Her Majesty’s Treasury requests and requests input from the crypto community on prospective legislation.
In Thursday’s announcement of an open consultation, the United Kingdom’s Finance Policy Department invited the Crypto community to consider a variety of proposals: “The government invites views from a wide range of stakeholders, and particularly firms engaged in cryptoasset activities.”
Although it officially entered into effect early last year, New Year’s Eve was the end of freedom to work and live between the United Kingdom and the European Union. The query persists in today’s consultation as to how far the nation’s crypto laws can be adopted by those of other nations. The consultation asks stakeholders: “What are your views on the extent to which the UK’s approach should align to those in other jurisdictions?” Further, there is a plan to mandate U.K. Registration with all companies selling stablecoins to citizens in the United Kingdom:
“Due to the digital, decentralised and cross-border nature of stable tokens, the government and UK authorities are considering whether firms actively marketing to UK consumers should be required to have a UK establishment and be authorised in the UK.”
The consultation itself points out the current legislation supplemented by proposed recommendations. The Treasury pays special attention to stablecoins, which it claims are still without a specific legal meaning in the United Kingdom. As a consequence, one of the main suggestions is to allow such a concept.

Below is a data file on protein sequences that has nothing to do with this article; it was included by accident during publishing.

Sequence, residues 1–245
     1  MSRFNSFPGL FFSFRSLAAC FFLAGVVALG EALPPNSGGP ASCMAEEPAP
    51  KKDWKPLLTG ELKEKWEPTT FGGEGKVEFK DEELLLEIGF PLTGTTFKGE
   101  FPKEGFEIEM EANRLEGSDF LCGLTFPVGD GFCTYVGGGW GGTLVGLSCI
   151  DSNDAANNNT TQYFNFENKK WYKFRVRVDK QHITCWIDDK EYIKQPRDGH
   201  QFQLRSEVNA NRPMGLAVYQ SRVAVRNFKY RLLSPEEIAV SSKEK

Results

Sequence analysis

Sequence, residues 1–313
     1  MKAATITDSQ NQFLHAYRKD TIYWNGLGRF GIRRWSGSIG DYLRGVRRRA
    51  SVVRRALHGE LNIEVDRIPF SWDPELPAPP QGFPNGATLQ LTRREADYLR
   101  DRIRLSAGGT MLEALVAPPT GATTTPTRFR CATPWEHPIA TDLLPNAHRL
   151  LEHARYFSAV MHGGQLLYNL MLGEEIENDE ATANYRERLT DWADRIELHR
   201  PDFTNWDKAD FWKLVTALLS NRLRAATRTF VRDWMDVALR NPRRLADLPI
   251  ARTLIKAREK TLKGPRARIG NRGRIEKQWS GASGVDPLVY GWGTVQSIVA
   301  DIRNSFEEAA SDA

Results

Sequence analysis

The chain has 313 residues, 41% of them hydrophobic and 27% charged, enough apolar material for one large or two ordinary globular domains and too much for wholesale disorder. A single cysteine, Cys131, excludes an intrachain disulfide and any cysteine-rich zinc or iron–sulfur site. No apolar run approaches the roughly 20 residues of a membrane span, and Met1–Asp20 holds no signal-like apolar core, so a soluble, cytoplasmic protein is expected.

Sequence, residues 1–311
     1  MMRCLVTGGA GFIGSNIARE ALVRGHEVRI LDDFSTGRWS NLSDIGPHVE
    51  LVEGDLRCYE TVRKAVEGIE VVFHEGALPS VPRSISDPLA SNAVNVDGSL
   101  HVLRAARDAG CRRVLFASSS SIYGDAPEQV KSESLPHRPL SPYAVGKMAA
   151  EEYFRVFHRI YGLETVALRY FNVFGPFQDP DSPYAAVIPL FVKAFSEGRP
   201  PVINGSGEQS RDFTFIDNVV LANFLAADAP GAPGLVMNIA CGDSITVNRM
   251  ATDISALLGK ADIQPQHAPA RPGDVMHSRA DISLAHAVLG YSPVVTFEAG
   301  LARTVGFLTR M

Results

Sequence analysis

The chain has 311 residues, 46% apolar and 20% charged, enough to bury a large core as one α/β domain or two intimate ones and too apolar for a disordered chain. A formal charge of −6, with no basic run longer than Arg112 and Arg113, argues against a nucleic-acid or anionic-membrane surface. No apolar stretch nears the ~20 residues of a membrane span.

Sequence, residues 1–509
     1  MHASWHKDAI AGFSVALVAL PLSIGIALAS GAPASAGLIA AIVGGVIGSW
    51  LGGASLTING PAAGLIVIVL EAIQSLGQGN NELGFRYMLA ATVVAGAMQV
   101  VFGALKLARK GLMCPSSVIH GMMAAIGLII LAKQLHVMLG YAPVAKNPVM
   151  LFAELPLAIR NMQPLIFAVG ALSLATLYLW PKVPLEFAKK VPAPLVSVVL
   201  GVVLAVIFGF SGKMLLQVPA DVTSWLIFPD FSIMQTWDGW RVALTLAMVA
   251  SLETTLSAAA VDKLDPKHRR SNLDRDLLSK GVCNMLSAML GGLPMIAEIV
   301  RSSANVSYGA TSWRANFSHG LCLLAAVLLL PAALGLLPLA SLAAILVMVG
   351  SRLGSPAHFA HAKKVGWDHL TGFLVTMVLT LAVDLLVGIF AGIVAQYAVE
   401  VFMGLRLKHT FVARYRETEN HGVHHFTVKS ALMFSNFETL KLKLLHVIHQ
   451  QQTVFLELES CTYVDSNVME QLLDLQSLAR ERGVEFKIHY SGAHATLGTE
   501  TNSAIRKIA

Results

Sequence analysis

However, the Treasury would not propose to connect the current concept of stablecoins to the underlying blockchain infrastructure:
“The government and other Cryptoassets Taskforce authorities recognise that whilst cryptoassets are typically underpinned by DLT, stable tokens could be designed using other types of technology. This classification is therefore agnostic on the technology underpinning its use (e.g. whether it relies on DLT or not).”
Elsewhere, the consultation removes algorithmic stablecoins from the concept of stablecoin, obviously reserving the category for tokens attached to the reference commodity, be it fiat or gold.
Beyond trying to create a specific legal definition for stablecoins, the Treasury points out a number of possible places to be controlled, including who is authorised to run stablecoins and how they may have to maintain and monitor reserves.
Responses to today’s consultation are expected by 21 March.
Last year, the Treasury released new guidelines regulating the marketing of crypto, an attempt to combat the explosion of illegal or unknown financial interests that the initial coin offering booms in 2017 and 2018 saw. Failure to report fees from Centra Tech to fund the firm’s ICO was, for example, how DJ Khaled and Floyd Mayweather got into trouble.
Across the pond, the United States has also been tackling the issue of stablecoin authorisation. Last month, Rashida Tlaib proposed a bill that would essentially restrict the issue of stablecoin to licenced banks. Just this week, the Office of the Currency Controller gave national banks the go-ahead to run nodes and make payments on stablecoin networks.
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